Tuesday, December 19, 2006
Blog 21 - Sydney Hobart Boot Camp
When you are standing on a cliff top looking at a yacht cruising serenely past there is a certain idyllic feel about it. ('Can you feel the serenity' sic The Castle). Even when there is a bunch of yachts having a race, from a distance it again looks graceful and unruffled. So much for the macro view. If you were able to zoom in to the deck it would look more like an ants nest that's been kicked by a twelve year old. Mental is not the word. When I signed up for the Sydney Hobart I was naive enough to imagine the first scenario. I knew it wouldn't be quite like sipping G & T's on a sun lounger, I fully expected the odd wave breaking over the bow. The reality is very much more Spartacus than James Bond. I haven't quite been tied to the mast and flogged to within an inch of my life by Captain Bligh wielding a cat-a-nine-tails (that's another web site). But I have got more bruises and cuts than an all day paint balling session. Am developing forearms like Popeye from hauling sails up and down. The spinnaker I'm sure is an old Wimbledon Centre Court cover. Its like hauling in a cloud and stuffing it in a duffel bag while riding a rodeo stallion, having skipfuls of cold sea water thrown at you and at the same time being verbally abused by the Aussie contingent - 'come on John, pull it like you're pulling your father off your sister'!!! Repeat every 15 minutes until you hang over the side like a puppet with the strings cut.
That's just the physical stuff. Stack on top of that a never ending spewing forth of nautical t.w.a.'s (three word acronyms). It gets to the point where you really want to tell them to stuff their windward headsail sheet where the sun never shines. When the skipper tells you he needs a bit more cunni I really need to remember its a small rope at the bottom of the mast that needs tugging and not a forefeit from the female crew members.
Then there was the sea survival course. Jumping into a salt water pool with thermals, middle layer, oilskins, hat, gloves, boots and life jacket, having to swim to a life raft while being hosed from the side then righting the raft and climbing in. Well trying to climb in. The life jacket gives you a chest like Jordan that is really hard to get over the side of the raft while your trouser legs and boots have filled with enough water to relieve the drought in Ethiopia. If it teaches you one thing. Its that being in that situation in the open sea, possibly at night, has got to be the ultimate in last resorts.
Anyway... its all been just a bit more that one expected and there is still a 24 hour overnight training run to do. Below decks the sleeping arrangements make Das Boot look positively palatial. The bridal suite is two poles with a piece of canvas slung between and about four inches shorter than yours truly. Add more dripping water and a floor awash with an ample drop of the Pacific and suddenly the backpacker hostels seem very appealing. I can't believe I'm paying for this ;-) My comfort zone has disappeared faster than the shoreline. Now I know why Helen MacArthur is always crying. No tears yet though.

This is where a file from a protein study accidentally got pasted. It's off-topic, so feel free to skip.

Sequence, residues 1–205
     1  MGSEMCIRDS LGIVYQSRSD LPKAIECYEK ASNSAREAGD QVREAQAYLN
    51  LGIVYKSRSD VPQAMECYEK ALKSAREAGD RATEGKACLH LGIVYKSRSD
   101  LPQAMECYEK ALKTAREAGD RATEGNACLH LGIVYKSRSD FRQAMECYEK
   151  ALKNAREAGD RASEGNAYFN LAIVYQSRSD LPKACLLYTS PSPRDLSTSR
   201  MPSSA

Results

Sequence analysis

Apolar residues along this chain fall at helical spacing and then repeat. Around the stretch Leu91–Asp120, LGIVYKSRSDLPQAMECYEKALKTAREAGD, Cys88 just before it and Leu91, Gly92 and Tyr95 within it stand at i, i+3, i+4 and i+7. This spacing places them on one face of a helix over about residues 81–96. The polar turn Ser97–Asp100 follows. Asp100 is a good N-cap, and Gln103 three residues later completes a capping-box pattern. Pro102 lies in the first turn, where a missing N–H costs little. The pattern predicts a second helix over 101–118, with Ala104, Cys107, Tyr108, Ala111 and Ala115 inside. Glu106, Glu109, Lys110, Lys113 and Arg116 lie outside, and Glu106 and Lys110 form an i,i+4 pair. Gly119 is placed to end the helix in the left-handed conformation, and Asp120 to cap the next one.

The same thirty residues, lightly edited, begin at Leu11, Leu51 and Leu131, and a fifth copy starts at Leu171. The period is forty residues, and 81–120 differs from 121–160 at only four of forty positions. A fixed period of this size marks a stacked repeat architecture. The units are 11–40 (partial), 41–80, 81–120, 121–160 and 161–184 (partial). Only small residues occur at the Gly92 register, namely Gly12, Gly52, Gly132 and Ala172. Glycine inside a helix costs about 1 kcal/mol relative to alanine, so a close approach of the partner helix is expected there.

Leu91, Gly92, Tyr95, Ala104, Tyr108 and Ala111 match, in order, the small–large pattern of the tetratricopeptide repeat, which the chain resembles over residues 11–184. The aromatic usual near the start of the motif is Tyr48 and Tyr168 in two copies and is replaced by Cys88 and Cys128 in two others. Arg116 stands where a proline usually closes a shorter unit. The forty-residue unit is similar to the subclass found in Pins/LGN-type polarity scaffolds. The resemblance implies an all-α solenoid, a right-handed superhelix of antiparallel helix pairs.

I'm sure it will be good for me in the long run. Some of the good stuff is that the three lads I'm staying with - Dave, Greg and Jim (the cabin boy - actually that's me) are dead sound like. Everyone on board has masses of experience, much more than my half hour in a rowing boat on Sefton Park lake. The owner, Richo, has done 11 Hobart's. Shane, the navigator has done 9. Andy the Skipper has done one and is a hugely experienced sailor. Andy runs Yachtmaster Courses and is a Sea Survival Trainer. So I feel in pretty good hands really. I just have to remember that I am on board ship and to buy a soap on a rope before I leave.
Another good thing is that I've persuaded my naturalised Aussie niece Kathryn to join the crew. She has loads of local racing experience and it will be great to have her along to keep an eye on me.
The race starts on Boxing Day morning around 10am (11pm Christmas Day in England). There is a race tracker that you can follow the boat with at this link for Global Yacht Racing. The boat is called 'Global Yacht Racing Next' and is a Sydney 38 class. We don't stand a chance of beating the professional big boys in their Volvo Ocean Racer 30 metre beauties, but we will be having a good stab at our own class.
Will try and get an update before we go.
Happy Christmas to everyone.